What’s your favourite thing about working at Diamond?
I enjoy being at the forefront of research technologies and having access to a wide range of cutting-edge instruments and state of the art facilities. I love the variety of my job and no day is the same. It’s a really collaborative environment and I find it truly interesting and rewarding being involved in lots of different projects and seeing them progress.
What advice would you give someone wanting to get involved in your field?
Dip into different fields and gain as much hands on experience as possible. Don’t just look at the obvious academic route. Looking back on my career it would have been helpful to do a year in industry. If I had, I would have probably come to Diamond 10 years earlier. So, I would really advocate people to do a year in industry because it opens you up to new routes.
Get a mentor early and focus on what you enjoy. I can’t stress enough how important it is to have a good mentor to talk through problems and help you experience other ways and aspects of science.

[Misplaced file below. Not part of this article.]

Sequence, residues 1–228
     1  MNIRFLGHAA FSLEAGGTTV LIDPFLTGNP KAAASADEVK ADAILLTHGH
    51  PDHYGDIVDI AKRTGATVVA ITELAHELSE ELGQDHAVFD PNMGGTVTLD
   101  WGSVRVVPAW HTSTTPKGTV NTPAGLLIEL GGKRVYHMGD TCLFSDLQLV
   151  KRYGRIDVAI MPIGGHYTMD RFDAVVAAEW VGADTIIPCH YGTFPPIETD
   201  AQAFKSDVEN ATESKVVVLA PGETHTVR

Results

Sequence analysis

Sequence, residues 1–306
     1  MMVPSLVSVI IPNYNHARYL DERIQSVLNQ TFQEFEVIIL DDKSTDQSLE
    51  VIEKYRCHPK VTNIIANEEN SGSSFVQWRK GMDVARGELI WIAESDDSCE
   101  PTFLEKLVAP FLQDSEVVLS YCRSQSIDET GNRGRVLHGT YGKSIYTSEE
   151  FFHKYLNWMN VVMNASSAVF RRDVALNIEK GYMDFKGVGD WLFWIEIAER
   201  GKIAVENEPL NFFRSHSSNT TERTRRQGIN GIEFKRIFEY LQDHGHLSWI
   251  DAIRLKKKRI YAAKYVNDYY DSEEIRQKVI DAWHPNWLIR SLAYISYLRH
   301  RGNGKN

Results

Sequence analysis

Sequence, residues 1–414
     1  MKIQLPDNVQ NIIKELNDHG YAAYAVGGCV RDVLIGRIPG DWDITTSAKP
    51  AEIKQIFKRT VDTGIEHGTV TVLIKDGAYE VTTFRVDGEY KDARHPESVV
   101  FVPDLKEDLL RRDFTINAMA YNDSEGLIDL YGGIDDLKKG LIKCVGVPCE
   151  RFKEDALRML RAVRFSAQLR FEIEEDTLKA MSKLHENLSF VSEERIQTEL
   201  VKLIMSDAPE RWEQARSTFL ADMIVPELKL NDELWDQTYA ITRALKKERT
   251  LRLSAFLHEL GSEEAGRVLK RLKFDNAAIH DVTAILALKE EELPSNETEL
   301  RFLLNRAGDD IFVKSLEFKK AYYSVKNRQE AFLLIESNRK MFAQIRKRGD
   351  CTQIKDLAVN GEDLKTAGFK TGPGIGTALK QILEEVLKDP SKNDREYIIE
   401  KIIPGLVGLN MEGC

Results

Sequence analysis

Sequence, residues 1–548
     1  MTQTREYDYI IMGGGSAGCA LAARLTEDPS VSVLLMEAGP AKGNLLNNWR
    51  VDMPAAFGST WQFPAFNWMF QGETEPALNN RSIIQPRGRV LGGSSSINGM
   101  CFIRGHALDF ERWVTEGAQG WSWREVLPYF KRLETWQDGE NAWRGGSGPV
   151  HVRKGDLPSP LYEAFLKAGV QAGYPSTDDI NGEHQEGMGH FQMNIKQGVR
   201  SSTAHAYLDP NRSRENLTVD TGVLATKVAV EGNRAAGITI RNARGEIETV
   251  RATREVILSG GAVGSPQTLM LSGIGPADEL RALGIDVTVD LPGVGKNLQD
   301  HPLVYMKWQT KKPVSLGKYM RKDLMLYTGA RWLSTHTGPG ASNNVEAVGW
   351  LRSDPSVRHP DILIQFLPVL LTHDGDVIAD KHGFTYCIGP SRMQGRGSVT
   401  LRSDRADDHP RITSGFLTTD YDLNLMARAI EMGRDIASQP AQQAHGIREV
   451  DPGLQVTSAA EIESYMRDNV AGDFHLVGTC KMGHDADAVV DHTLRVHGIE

Work smart as well as hard and don’t give up too soon. Find the reason why the experiment/plan did not work.
What is the most interesting project you’ve been involved in?
Definitely the Covid Nanobody Project as it was intellectually really stimulating, a fast-moving challenge and revealed exciting insights. The project required quite a bit of trouble shooting, generated lots of data and turned out to be an incredibly productive period. If I look back, this kind of work is what got me into STEM. It reminded me of how exciting the first year of my PhD was and I still get excited to find crystals and see molecules the human eye cannot see. I am very proud of what our collaboration achieved in those first four months of Lockdown and I take huge satisfaction that what we have designed might be one of the treatments that will be offered to patients with Covid-19 in the near future.